Science of “Monsters”

At the time when people had limited scientific knowledges, mutated animals could be easily interpreted as omen. In 18th century, lots of local farmers in Paris witnessed the births of various mutated animals. Thankfully, some farmers sent the mutated animals to the Ecole Veterinaire d’Alfort, a veterinary school in Paris, for further identification and most of the animals had been used for scientific research. On the first day of our NBB Paris Study Abroad Program, we visited Musee Fragnoard, a museum contains animal dissections and skeletons, located in the Ecole Veterinaire d’Alfort. Musee Fragnoard is named after Honoré Fragnoard, the school’s first professor of anatomy, and he was famous for the preparation and preservation of skinned cadavers.

 Exhibition of infectious disease organs and models.

Continue reading “Science of “Monsters””

Neuromaestro: Music Composition in the Brain

On Thursday, we visited the Cimetiere du Pere Lachaise, the largest cemetery in Paris. This was my first time visiting one, and I was surprised to see how different it was to see a cemetery in person in comparison to how they look in movies. Each of the tombs and mausoleums was extremely intricate and unique.

When we reached the cemetery, we received maps that had names of famous people who were buried there. I saw a few names I recognized, but Frédéric Chopin stood out to me instantly. When I was younger, I learned a lot about Chopin’s work as a pianist and composer through music class in school as well as outside piano lessons. At first, I resented going to piano lessons, but slowly started liking them over time. I realized that if I spent enough time trying to learn a piece that fit with my level of skill, I could do it. But whenever I was asked by piano teachers to try to write a few stanzas of my own music, I always struggled.

Figure 1. Me next to Chopin’s grave. Continue reading “Neuromaestro: Music Composition in the Brain”

The Music Lives on

On Thursday, May 31, 2018, we visited the Père Lachaise Cemetery in Paris. Huge mausoleums were seen surrounding the entrance as we walked in. Some of the mausoleums were over one hundred years old and still standing beautifully. Stained glass windows were illuminated as the sun shined through these antique structures. This cemetery had much more to offer than its serene appearance; it would contain the bodies of many noteworthy individuals such as Frédéric Chopin.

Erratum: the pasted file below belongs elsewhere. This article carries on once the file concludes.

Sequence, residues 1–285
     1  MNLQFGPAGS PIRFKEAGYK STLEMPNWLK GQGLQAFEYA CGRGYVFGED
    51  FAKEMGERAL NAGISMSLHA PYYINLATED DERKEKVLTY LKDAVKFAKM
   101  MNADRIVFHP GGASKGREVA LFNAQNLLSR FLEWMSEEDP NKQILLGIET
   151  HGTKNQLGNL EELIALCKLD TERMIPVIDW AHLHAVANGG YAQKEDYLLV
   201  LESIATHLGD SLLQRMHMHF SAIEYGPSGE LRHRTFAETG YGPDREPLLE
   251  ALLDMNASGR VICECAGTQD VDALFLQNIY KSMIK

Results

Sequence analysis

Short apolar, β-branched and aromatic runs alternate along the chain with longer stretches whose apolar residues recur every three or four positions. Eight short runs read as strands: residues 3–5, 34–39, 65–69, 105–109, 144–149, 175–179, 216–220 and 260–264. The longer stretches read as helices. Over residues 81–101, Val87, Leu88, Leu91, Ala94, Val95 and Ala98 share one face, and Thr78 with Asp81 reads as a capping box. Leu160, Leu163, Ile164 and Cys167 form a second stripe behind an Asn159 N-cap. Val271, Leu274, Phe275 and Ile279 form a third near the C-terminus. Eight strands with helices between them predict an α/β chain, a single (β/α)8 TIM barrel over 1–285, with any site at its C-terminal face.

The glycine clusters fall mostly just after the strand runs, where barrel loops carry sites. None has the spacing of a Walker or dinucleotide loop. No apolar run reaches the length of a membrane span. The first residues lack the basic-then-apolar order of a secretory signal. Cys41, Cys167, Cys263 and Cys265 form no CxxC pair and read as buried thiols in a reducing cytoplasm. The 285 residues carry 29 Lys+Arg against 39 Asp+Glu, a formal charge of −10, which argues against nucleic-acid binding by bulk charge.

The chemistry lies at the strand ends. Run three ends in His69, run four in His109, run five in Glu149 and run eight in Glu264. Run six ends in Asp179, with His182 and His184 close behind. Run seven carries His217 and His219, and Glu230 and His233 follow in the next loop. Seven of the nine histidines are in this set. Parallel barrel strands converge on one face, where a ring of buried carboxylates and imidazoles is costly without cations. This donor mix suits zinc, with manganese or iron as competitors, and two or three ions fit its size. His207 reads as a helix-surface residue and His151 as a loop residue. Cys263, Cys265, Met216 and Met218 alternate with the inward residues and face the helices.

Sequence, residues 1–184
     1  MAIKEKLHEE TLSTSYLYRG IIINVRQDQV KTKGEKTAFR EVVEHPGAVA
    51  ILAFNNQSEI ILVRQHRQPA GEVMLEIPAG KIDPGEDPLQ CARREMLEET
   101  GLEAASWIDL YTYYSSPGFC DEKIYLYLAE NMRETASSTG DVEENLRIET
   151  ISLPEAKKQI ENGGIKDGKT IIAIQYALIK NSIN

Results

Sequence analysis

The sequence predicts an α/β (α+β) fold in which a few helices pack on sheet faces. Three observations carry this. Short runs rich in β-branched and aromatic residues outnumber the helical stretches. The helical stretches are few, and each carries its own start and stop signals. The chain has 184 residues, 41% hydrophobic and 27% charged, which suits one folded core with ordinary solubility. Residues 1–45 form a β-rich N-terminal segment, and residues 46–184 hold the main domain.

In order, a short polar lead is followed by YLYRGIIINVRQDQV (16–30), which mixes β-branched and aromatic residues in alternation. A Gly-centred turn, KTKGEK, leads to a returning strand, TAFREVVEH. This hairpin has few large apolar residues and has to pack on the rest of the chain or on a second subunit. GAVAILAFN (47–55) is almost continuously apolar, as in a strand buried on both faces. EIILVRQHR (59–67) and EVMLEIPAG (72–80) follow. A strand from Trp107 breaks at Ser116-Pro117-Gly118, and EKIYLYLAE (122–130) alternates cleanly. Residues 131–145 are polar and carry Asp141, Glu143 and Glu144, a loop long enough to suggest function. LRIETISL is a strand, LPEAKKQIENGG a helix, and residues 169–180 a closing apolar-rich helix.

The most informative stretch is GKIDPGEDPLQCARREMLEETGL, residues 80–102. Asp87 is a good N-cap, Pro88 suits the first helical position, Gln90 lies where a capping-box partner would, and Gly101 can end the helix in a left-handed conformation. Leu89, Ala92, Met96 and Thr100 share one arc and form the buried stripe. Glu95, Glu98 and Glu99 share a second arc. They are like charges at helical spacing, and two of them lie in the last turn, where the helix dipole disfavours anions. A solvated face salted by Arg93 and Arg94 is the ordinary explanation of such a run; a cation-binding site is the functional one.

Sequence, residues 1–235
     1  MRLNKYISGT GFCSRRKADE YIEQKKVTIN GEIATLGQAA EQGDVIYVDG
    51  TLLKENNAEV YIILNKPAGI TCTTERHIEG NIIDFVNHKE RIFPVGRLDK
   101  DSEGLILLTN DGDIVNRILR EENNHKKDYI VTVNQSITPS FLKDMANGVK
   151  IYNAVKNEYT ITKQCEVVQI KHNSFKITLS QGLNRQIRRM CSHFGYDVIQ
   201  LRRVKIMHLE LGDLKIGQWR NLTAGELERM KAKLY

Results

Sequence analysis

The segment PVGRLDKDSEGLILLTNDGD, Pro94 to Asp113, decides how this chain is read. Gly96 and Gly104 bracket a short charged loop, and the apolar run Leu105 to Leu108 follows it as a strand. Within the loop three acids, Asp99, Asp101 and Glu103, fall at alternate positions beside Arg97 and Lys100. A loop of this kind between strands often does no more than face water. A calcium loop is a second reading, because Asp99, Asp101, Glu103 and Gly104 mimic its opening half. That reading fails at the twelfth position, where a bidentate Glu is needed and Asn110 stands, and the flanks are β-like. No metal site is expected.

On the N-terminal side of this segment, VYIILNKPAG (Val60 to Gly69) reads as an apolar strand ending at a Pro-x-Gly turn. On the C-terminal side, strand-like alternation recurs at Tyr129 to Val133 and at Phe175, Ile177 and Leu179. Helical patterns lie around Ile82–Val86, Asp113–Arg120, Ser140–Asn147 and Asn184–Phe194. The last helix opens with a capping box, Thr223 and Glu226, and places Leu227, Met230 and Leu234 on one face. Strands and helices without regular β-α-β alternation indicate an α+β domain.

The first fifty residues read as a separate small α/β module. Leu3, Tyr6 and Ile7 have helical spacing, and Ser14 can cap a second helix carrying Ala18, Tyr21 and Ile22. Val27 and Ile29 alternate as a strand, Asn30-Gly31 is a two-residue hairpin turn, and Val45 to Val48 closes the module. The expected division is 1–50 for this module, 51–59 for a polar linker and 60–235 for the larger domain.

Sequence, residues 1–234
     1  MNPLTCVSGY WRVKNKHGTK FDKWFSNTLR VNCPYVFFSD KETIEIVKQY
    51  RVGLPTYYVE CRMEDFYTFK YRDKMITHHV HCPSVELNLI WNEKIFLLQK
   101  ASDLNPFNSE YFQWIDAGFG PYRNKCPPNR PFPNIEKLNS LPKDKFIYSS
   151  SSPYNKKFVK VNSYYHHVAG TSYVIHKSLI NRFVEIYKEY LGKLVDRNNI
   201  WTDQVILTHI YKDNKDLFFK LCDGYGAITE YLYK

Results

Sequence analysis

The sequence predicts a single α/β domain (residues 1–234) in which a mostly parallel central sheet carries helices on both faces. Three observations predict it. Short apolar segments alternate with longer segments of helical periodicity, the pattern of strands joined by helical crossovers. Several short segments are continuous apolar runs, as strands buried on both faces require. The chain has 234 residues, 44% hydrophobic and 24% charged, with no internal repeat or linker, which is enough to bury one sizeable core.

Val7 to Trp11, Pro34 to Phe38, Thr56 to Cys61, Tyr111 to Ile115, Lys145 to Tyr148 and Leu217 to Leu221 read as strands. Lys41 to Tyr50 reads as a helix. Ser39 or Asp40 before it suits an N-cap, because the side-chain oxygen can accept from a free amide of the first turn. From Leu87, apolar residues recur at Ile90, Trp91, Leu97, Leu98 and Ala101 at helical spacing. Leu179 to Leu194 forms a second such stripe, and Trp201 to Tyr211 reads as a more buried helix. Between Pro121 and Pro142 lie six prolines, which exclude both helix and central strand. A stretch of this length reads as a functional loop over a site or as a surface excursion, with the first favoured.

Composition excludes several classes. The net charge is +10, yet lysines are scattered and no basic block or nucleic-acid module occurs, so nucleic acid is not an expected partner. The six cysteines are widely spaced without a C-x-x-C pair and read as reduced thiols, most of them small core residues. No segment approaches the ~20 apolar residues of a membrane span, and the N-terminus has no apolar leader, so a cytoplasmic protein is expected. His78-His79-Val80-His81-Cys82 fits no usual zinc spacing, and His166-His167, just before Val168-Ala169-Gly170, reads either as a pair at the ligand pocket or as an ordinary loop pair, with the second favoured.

This is a picture showing the different activation patterns of musicians and non-musicians as they play an instrument. This shows how musicians are activating less of their brain, which is similar to how Chopin’s brain would look.

Continue reading “The Music Lives on”

I don’t think I could ever leave music behind.

Image 1: Divi playing at his senior recital.

As my fingers dance across the ebony board, I find myself lost in the music. After years of practice, patience, and attention I stand in front of my friends, family, and teacher ready to present my final work—my senior recital. For me, this performance was my swan song and the end of a 13 yearlong journey playing the violin. Thus, when my bow hit the strings, I fell into my music and clung onto every single, last moment of my concerto. When my bow finally fell to my side at the end of the song, I could hardly remember what had just happened. All I could feel was euphoria. Continue reading “I don’t think I could ever leave music behind.”

Real giants!?

As a petite person (5’3”), I have considered many of those around me very tall. I remember being the shortest one out of all of my friends, and I always felt like they were giants.

However, after visiting Musée Fragonard within the first week of my Neuroscience and Behavioral Biology (NBB) Emory University study abroad trip in Paris, I realized just how tall a true “giant” was. Musée Fragonard is a museum full of anatomical parts of animals or humans preserved for veterinary students and public. During my visit, I was able to see an anatomically-correct model of a patient’s hand who was diagnosed with gigantism.

Comparing my tiny hand to a model of someone diagnosed with gigantism during the museum visit
A close-up of the large hand

As you can see, the model is more than three times as big as my little hand. This made me wonder: How do you get gigantism?  Just how “big” do you have to be? Continue reading “Real giants!?”

A Cheesy Visit

On Wednesday, May 30, 2018, the NBB class and I visited a Fromagerie in Paris, France for an authentic cheese tasting. Walking into the Fromagerie, I immediately smelled the peculiar aroma associated with cheese. As an individual new to the delicacies of France, I made sure to carefully pay attention as I walked into the quaint display room of the Fromagerie to get a closer look. I then tasted with my eyes glaring at the various cheeses on display, realizing that I had no relevant knowledge of the science of the cheese-making process and wanted to learn more.